BOGAEV: So Saheem, you mentioned George Floyd’s murder happened almost right before your initial rehearsal started. So what were actors talking about in that, when they first got together, and how did they first get together? Was it already socially-distanced, your rehearsal process?
ALI: Yeah, so our entire process was on Zoom, and the murder happened the week prior to first rehearsal. I very personally just had a real kind of existential crisis about like, “What am I doing? And should we be doing Shakespeare? Should we be doing something that this dead, old, white guy wrote hundreds of years ago? Why are we even doing this?” And so I went in my own tailspin, and I reached out to couple of the actors just to check in with them.
What I found was that the actors actually themselves were really looking forward to this process; were really looking forward to artistry and community that we were going to create. And so in that first rehearsal, I gathered with the actors and we just talked. We talked about the moment that we were in. I knew that that was going to embed itself into the final product because it was going to be in our process.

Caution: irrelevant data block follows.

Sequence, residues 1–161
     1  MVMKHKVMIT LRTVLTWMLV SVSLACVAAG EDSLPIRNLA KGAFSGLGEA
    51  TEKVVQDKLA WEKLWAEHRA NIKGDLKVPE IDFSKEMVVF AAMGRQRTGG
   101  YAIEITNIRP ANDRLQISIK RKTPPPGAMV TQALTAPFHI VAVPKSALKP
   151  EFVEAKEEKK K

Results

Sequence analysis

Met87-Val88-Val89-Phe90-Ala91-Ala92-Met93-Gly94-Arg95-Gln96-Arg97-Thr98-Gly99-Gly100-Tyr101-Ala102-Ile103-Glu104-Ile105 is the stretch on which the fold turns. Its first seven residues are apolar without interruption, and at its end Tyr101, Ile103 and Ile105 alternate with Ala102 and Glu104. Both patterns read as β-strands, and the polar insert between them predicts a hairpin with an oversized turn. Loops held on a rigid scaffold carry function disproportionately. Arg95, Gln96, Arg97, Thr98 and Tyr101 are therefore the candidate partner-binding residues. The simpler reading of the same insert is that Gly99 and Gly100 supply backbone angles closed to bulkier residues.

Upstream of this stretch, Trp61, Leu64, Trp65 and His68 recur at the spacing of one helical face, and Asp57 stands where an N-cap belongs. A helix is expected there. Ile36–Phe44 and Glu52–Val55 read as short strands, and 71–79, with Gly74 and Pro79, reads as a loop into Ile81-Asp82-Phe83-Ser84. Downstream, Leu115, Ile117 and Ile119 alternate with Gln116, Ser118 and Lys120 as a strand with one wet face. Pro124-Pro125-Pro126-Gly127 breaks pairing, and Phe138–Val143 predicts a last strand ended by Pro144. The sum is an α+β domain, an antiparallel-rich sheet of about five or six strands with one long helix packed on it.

What I didn’t know setting out was how. And then I think just because we were doing this on the radio—because we were going to be in this format—we could actually engage with the voices of these humans in a way that was complementary to the play.
[CLIP from The Public and WNYC’s collaboration, Richard II. John Douglas Thompson is the speaker.]
JOHN DOUGLAS THOMPSON: The rhythms of the language, the stories, the characters, really reminded me of my own upbringing, particularly emotionally.
ALI: The play could stand there on its own two feet and in a way that we couldn’t do in theater. In a way that we never could have done at the Delacorte. Have these actors actually speak about their experience.
[CLIP from The Public and WNYC’s collaboration, Richard II. André Holland and Vinson Cunningham are the speakers.]
ANDRÉ HOLLAND: You know, when I think about Black people in the South, we, kind of, naturally speak in this iambic pentameter kind of way at times.
CUNNINGHAM: That’s André Holland again.